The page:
ilb Image
Skip to Main Content
It looks like you're using Internet Explorer 11 or older. This website works best with modern browsers such as the latest versions of Chrome, Firefox, Safari, and Edge. If you continue with this browser, you may see unexpected results.

Info Skills Road Trip: 3 - Searching: Information Seeking Behaviour

What type of learner am I?

Knowing what type of learner you are can help you determine the methods that can improve your study and information seeking habits.  Study the animals below, think carefully about what best defines your habits and also about what changes you need to make to improve. Make sure you vote and check out the poll results to see how you compare to other students.

Common Information seeking behaviour

Take the time to study the animals below. Think about a time when you have needed to find information.  This could be as part of your social life or previous academic studies. For instance, resources for an assignment, cheap airfares, clothes, finding events etc. Vote for which animal best describes you?

Vote Now!

Which animal's information seeking behaviour best describes you?

Vote Now!
Magpie: 124 votes (23.35%)
Koala: 77 votes (14.5%)
Echidna: 256 votes (48.21%)
Redback Spider: 74 votes (13.94%)
Total Votes: 531

Good Information seeking behaviour

Now take the time to study these animals. Think about the demands on your time at university and the need to use scholarly sources of information. Vote for which animal you aspire to.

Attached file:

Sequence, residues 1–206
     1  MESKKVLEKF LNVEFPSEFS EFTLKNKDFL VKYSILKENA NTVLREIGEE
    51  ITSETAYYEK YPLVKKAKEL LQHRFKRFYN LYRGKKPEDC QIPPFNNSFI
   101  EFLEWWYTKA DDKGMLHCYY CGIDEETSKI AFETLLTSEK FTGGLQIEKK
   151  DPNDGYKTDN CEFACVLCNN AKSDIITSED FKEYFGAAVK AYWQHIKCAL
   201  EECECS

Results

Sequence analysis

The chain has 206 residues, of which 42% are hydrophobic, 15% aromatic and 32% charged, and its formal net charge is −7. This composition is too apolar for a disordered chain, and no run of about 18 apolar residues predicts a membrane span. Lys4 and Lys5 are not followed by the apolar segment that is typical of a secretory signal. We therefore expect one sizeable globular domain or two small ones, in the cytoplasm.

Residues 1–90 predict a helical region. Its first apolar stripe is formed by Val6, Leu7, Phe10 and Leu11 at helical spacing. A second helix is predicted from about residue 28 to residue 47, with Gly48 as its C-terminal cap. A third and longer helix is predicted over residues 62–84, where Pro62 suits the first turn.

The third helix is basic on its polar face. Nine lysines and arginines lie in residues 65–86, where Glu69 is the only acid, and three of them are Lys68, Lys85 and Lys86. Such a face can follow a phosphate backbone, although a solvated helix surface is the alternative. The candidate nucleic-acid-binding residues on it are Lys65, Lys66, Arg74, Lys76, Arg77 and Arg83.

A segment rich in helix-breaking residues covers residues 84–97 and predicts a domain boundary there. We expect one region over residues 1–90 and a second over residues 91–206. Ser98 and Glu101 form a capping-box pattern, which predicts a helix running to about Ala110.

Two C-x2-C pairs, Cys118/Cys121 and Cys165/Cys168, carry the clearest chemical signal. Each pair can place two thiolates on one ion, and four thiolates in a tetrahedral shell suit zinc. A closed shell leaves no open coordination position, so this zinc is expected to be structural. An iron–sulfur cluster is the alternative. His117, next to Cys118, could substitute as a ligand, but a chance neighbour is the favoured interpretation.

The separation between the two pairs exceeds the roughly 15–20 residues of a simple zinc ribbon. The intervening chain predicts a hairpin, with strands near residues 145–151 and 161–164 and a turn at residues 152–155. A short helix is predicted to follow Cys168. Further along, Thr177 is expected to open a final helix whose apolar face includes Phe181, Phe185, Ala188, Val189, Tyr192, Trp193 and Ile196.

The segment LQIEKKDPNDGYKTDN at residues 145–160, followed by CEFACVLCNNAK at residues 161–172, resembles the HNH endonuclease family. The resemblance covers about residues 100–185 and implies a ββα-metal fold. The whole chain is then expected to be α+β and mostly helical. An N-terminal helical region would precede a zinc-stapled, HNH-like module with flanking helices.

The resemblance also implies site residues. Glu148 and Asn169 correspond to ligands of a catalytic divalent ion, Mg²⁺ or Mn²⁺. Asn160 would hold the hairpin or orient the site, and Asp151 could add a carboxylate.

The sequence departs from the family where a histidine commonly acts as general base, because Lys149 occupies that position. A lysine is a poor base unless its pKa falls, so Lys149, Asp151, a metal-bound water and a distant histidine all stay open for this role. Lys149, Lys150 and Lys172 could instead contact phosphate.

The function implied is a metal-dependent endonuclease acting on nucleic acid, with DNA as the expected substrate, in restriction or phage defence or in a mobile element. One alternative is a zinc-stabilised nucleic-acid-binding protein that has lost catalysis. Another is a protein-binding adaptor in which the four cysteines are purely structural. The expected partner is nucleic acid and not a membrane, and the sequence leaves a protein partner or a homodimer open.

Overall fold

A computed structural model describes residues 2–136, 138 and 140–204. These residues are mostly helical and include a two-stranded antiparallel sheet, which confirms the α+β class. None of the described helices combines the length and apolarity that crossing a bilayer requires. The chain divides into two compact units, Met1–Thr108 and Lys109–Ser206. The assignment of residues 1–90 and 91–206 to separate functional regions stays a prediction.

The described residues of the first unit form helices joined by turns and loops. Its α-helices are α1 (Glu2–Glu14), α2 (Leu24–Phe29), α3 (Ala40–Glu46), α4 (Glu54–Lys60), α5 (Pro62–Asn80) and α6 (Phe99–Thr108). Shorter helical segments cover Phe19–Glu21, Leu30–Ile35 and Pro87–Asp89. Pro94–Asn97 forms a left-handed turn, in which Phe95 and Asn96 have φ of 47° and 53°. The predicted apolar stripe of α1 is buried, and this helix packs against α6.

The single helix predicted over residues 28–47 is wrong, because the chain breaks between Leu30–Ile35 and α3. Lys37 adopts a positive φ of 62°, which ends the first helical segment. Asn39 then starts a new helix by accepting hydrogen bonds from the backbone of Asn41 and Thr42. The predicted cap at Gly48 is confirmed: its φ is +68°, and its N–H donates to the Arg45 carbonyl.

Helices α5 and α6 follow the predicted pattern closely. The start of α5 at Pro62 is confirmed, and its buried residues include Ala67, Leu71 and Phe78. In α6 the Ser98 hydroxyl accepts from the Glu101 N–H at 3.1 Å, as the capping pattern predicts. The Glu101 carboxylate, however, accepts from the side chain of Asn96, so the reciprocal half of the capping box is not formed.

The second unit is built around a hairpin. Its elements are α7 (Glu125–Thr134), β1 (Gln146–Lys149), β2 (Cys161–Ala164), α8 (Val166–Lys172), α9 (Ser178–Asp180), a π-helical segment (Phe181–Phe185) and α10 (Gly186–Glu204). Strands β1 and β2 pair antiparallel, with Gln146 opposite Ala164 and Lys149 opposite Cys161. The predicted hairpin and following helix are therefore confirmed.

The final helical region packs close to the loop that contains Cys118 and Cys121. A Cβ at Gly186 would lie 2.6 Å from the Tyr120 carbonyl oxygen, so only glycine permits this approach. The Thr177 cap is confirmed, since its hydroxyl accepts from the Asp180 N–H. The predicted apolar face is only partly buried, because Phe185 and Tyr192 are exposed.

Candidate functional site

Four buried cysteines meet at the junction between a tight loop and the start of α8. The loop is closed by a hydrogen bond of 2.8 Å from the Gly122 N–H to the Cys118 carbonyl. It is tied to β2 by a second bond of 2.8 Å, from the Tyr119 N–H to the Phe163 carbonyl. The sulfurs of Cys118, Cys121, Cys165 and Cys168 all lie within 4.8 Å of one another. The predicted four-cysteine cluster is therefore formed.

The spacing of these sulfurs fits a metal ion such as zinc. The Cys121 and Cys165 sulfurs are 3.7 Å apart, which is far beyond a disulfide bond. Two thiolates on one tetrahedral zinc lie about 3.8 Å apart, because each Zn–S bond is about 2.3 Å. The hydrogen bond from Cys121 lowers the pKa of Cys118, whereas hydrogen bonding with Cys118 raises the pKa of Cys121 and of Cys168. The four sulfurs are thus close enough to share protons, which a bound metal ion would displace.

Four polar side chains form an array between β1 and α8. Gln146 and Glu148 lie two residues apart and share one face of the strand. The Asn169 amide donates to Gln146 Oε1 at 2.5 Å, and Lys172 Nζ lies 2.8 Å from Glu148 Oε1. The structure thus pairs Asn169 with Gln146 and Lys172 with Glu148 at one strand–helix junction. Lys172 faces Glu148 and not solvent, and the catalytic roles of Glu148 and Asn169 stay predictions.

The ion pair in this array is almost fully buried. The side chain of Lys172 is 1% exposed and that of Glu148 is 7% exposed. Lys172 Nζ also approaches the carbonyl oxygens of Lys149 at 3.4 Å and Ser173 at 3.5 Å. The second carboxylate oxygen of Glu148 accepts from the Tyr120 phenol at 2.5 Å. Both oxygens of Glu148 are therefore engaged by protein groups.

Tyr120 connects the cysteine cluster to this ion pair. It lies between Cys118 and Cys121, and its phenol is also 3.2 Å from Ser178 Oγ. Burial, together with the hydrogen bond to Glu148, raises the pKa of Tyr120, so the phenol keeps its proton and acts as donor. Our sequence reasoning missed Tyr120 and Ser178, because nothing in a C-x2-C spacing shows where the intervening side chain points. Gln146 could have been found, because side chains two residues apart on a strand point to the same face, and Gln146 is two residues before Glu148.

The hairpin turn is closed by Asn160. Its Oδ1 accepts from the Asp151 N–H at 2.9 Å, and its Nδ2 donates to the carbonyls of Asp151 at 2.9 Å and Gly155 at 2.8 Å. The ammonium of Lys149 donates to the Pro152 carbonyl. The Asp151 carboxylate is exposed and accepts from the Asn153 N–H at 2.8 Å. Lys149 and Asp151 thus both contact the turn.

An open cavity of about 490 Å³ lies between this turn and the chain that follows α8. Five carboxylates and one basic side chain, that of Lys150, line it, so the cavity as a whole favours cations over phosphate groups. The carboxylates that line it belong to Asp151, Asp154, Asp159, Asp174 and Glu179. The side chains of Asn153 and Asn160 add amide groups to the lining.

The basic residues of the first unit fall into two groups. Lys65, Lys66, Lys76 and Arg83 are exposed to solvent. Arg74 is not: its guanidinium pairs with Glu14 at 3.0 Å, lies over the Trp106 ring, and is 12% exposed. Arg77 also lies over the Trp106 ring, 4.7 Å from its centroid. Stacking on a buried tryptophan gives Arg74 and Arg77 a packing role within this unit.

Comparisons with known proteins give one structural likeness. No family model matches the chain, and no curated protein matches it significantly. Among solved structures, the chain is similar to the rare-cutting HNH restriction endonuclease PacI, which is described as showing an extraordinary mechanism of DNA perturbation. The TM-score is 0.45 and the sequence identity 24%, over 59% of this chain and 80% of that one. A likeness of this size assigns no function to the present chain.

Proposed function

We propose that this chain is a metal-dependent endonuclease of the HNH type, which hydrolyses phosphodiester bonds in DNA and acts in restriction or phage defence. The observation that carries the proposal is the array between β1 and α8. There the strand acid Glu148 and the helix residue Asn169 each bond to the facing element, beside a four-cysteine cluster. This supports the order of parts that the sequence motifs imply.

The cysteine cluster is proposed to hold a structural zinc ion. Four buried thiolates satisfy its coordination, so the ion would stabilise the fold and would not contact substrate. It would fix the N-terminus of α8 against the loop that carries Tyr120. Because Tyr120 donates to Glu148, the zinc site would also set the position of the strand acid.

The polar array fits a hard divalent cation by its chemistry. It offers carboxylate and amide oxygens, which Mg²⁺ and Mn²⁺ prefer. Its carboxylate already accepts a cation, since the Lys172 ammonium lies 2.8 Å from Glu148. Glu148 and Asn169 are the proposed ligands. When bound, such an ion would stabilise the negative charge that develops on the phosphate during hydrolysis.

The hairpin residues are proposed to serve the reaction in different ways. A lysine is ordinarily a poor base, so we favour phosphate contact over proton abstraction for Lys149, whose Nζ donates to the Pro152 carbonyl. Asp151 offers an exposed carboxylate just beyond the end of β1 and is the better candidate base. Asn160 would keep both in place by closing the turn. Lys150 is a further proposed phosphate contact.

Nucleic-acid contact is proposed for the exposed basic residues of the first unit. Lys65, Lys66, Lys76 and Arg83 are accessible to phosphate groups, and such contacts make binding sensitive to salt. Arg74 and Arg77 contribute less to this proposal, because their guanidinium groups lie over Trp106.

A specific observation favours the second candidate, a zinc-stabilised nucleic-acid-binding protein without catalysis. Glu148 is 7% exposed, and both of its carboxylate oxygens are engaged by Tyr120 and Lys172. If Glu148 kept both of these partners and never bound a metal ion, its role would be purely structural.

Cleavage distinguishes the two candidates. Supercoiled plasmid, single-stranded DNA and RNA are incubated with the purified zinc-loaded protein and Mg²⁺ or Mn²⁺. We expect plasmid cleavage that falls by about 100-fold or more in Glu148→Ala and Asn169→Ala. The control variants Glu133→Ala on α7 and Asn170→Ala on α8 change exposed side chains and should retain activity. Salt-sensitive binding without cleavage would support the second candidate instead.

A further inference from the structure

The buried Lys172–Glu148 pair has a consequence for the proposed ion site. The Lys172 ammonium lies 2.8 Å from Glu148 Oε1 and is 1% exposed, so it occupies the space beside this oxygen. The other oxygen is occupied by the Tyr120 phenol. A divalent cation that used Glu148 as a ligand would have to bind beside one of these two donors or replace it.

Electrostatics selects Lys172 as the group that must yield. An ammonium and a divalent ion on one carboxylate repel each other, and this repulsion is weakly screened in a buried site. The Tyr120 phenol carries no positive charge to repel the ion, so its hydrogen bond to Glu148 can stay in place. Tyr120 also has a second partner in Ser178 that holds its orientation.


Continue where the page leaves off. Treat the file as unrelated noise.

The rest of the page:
Vote Now!

Which animal's information seeking behaviour is likely most successful for a busy uni student?

There is no right answer here.  These all exhibit traits that will help you survive and thrive at University.  Start cultivating them now.

Vote Now!
Bower Bird: 207 votes (39.2%)
Shark: 121 votes (22.92%)
Dolphin: 83 votes (15.72%)
Eagle: 117 votes (22.16%)
Total Votes: 528

Acknowledgements

The idea and initial resources for this exercise came from:

Borg, M., & Stretton, E. (2009). My students and other animals: Or a vulture, an orb weaver spider, a giant panda and 900 undergraduate business students. Journal of Information Literacy, 3(1), 19-30. Retrieved from http://ojs.lboro.ac.uk/
ojs/index.php/JIL/article/viewArticle/219

Hooper, Ben. (2013, 2nd year vet student at JCU). Information on Australian animals and new resources on which animals had habits best associated with good search behaviours.

Meir, Faraj. (2006) Dolphin image. Retrieved from http://commons.wikimedia.org/wiki/File:Eilat_-_Dolphin_reef.jpg

 

Navigation

We acknowledge the Australian Aboriginal and Torres Strait Islander peoples as the first inhabitants of the nation and acknowledge Traditional Owners of the lands where our staff and students, live, learn and work.Acknowledgement of Country